Israel security cabinet to 'mull response to settler attacks'

Israel's security cabinet was to meet Wednesday to discuss a response to attacks by hardline Jewish settlers on soldiers in the occupied West Bank after calls for tough action, public radio said.

The meeting comes after settlers attacked soldiers for the second night in a row, despite a warning from the defence minister of a tough response.

"Border guards and soldiers were attacked by stone throwing during their night patrols" near the Yitzhar settlement in the northern West Bank, police spokesman Micky Rosenfeld told AFP earlier Wednesday.

"The situation is calm now but could escalate at any moment, and security forces are deployed at Yitzhar."

Rosenfeld said there had been no casualties but that two settlers had later been arrested.

On Monday night, stone-throwing by settlers injured six border guards as they helped demolish a wildcat settlement outpost near Yitzhar.

The injuries prompted Defence Minister Moshe Yaalon to warn that any further violence against security personnel would be dealt with severely.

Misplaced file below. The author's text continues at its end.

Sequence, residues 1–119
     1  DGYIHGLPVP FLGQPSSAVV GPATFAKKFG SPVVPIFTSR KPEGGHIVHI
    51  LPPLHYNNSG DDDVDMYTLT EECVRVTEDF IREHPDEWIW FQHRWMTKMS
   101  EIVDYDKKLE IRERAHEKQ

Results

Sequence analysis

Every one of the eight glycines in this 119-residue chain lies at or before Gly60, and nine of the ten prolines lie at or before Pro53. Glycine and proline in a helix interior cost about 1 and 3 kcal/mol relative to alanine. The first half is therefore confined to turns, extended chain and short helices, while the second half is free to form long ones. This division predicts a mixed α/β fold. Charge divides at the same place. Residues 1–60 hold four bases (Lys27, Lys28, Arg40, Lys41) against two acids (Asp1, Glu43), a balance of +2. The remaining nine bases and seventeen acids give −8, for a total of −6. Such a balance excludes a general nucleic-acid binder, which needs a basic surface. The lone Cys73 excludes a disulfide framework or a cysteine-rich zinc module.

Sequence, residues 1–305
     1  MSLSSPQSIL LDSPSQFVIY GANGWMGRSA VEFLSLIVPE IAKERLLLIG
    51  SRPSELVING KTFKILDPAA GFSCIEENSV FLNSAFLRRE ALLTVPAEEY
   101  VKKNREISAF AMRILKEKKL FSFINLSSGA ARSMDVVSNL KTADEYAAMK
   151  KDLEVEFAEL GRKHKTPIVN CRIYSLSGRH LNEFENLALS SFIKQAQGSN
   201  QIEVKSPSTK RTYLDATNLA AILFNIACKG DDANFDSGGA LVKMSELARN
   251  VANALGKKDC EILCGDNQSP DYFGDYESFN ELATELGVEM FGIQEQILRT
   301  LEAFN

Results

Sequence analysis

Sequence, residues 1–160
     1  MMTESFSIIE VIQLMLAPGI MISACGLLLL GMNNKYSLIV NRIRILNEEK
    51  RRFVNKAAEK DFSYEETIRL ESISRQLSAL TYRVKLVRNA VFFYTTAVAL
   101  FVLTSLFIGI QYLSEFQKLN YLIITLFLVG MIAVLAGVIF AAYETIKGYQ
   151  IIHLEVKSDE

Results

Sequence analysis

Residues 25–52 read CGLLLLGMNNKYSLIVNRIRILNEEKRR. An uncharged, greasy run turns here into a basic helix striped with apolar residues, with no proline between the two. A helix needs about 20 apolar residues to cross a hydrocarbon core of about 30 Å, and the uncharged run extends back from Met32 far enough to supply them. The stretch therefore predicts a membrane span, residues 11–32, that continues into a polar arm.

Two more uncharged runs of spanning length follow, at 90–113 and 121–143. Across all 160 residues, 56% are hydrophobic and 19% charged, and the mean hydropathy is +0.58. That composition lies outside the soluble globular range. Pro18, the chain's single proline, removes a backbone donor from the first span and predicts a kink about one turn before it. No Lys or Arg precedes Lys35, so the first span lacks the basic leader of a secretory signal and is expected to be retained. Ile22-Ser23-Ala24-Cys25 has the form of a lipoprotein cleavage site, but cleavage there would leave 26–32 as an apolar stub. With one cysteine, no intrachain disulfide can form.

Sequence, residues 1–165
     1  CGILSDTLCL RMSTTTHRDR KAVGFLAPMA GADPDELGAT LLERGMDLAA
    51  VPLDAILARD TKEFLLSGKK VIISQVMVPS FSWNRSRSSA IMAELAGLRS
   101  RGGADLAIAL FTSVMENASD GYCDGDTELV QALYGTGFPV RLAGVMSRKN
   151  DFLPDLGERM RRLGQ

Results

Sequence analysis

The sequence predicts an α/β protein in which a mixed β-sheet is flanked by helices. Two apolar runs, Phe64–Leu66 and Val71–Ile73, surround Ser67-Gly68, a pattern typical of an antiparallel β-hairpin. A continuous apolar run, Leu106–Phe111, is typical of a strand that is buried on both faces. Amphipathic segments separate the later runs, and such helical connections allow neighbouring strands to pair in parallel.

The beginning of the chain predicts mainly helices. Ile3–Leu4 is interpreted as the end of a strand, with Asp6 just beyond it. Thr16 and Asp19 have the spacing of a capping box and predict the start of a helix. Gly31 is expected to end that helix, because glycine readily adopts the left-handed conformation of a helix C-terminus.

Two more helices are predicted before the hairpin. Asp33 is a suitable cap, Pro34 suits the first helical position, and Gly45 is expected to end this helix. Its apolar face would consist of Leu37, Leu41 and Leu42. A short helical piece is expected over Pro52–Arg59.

"We shall not allow them to raise a hand against the army, the border police (or) the police," Yaalon's office quoted him as saying.

Prime Minister Benjamin Netanyahu also urged a "strong response to these... acts of hooliganism."

Referring to the meeting of the security cabinet, public radio quoted a security source as saying "the army... is demanding instructions on how to react when facing attacks by Jewish terrorists."

Israeli human rights group Yesh Din charged that the army had emboldened hardliners in Yitzhar by failing to do more in response to their attacks on Palestinians.

And the chief administrator of Israel's northern West Bank settlements blamed the government for the upsurge in violence.

Gershon Messika told public radio the defence ministry was to blame for "destroying houses that were on the verge of obtaining (legal) authorisation."

Israel has demolished a number of so-called "wildcat" outposts set up by hardline settlers without government authorisation but around 100 remain.

It quietly "legalised" several wildcat outposts in 2012, according to Israeli settlement watchdog Peace Now.

The international community regards all West Bank settlements as illegal, regardless of whether they are authorised by the Israeli government or not.